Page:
Spruce Biosciences Raises $88 Million to Advance Rare Endocrine Disease Pipeline
February 20, 2020
Rare Daily Staff
Spruce Biosciences completed an $88 million series B financing round to support late-stage development of the biotech’s lead compound, tildacerfont, a treatment for classic congenital adrenal hyperplasia and other rare endocrine disorders.
Omega Funds and Abingworth led the round with participation by existing investors Novo Holdings and RiverVest Venture Partners. New investors HealthCap Partners, Rock Springs Capital, Surveyor Capital, Aisling Capital, and Sands Capital also participated in the round.
Classic congenital adrenal hyperplasia (CAH) is a rare genetic disorder that affects the proper functioning of the adrenal glands. CAH results from a mutation in the gene that encodes the enzyme 21-hydroxylase, which is necessary for the synthesis of key adrenal hormones. As a result, people with CAH have an impaired ability to produce the hormone cortisol, which can result in life-threatening adrenal crises. Cortisol is also known as “the stress hormone,” and is critical for the body’s response to stress, illness and injury.
In CAH, the adrenal glands also often produce excessive levels of male sex hormones or androgens. While both sexes need androgens for proper growth and development, an excess can cause problems that may include precocious puberty, short stature, hirsutism, increased risk of testicular adrenal rest tumors in men, and virilization and menstrual dysfunction in women.
While CAH testing is part of the newborn screening program, treatment options are limited. Glucocorticoids are commonly used to treat CAH but are associated with a wide range of side effects, including weight gain, stunted growth in children, reduced bone mineral density, metabolic abnormalities and increased cardiovascular risk. No new treatment options for CAH have been approved for the past several decades.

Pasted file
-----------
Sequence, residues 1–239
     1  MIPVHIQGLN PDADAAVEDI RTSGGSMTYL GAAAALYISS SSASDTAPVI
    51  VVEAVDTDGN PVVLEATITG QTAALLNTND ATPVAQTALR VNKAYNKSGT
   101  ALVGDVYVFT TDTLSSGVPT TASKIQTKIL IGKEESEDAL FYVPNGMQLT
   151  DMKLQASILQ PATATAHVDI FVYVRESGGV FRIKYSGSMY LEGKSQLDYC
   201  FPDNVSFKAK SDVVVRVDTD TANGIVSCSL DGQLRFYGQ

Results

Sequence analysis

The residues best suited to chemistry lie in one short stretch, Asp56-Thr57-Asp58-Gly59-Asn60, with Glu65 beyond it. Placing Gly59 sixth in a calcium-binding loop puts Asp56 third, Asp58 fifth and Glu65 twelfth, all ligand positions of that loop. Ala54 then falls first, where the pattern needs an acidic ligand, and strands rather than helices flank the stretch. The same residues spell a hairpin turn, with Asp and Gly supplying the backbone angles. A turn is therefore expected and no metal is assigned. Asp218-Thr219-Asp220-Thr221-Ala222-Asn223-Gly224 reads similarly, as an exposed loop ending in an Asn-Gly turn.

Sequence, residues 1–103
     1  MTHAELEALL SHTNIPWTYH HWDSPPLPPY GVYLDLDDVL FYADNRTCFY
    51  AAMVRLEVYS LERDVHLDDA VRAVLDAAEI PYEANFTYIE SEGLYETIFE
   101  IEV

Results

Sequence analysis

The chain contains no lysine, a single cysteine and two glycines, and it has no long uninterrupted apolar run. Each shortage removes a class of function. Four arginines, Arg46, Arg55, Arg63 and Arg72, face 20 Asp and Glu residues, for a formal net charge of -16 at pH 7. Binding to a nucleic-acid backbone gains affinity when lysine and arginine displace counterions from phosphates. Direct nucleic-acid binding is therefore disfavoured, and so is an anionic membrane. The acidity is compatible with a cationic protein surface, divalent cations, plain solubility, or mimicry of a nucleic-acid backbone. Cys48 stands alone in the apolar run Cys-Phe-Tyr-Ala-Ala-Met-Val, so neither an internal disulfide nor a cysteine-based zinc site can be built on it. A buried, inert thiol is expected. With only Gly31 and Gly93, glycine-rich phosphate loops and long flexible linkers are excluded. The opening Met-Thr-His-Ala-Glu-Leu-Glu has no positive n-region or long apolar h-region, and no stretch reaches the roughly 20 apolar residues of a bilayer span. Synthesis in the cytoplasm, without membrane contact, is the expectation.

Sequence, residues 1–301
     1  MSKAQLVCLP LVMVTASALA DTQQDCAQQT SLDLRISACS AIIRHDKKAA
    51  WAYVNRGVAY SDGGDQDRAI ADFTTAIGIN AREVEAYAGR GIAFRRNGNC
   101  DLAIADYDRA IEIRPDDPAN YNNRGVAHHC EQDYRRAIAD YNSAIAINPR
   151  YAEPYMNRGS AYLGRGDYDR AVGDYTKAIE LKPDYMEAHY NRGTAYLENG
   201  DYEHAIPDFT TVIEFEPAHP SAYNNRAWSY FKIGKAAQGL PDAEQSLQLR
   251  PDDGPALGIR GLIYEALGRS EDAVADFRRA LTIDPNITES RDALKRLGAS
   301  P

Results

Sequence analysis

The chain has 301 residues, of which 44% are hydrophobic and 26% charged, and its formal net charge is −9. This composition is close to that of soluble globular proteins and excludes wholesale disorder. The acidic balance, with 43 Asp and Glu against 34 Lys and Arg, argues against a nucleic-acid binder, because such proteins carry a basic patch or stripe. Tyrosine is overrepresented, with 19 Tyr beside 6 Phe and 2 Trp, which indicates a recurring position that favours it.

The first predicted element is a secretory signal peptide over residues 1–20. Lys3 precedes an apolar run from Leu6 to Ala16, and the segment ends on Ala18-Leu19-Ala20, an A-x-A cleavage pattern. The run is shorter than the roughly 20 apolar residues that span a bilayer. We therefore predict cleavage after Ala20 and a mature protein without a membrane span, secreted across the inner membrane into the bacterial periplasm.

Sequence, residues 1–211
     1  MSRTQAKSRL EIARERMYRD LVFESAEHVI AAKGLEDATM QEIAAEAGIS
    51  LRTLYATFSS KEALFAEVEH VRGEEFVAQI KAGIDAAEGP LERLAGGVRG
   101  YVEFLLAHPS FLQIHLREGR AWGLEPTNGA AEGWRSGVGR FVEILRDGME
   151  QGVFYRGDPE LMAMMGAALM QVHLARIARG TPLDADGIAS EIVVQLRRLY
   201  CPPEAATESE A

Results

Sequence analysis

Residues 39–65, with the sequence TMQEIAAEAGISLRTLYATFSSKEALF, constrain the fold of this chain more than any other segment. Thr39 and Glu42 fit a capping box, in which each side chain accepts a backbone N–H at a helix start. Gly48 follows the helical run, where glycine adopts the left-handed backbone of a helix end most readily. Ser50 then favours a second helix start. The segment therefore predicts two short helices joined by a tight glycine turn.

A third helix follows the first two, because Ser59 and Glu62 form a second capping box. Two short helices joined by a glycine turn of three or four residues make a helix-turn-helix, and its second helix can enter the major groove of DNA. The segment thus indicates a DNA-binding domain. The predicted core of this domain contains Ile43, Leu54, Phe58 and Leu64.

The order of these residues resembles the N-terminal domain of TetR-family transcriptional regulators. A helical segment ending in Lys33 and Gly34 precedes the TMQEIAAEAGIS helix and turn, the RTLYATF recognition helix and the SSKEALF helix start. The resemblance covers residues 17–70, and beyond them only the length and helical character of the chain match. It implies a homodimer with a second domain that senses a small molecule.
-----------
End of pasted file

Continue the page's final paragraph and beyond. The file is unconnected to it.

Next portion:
Spruce’s tildacerfont is a second generation CRF-1 receptor antagonist and the first non-steroidal molecule to demonstrate an ability to normalize elevated androgens in patients with CAH in clinical studies. In September, Spruce reported results from a 12-week phase 2a study in adults with CAH that showed treatment with tildacerfont resulted in maximum mean reductions of up to 84 percent in adrenocorticotropic hormone, a key disease biomarker in CAH patients with elevated androgens, with the majority of treated patients seeing their ACTH levels normalize as a result of treatment. This may allow physicians to reduce the chronic, high-dose steroids used to treat CAH and improve control of the disease.
“In addition to addressing these unmet needs in CAH, tildacerfont’s mechanism of action could also be relevant in patients suffering other abnormalities of the hypothalamic-pituitary adrenal axis, including non-classic CAH, Cushing’s Disease, and polycystic ovary syndrome,” said Wiebke Arlt, director of the Institute of Metabolism and Systems Research at the University of Birmingham, United Kingdom.
Tildacerfont has been granted orphan drug status by both the U.S. Food and Drug Administration and the European Medicines Agency.
“The potential utility of tildacerfont, as well as an interest in broader rare endocrine disorders, has attracted a strong group of investors,” said Richard King, president and CEO of Spruce Biosciences.
Photo: Richard King, president and CEO of Spruce Biosciences.
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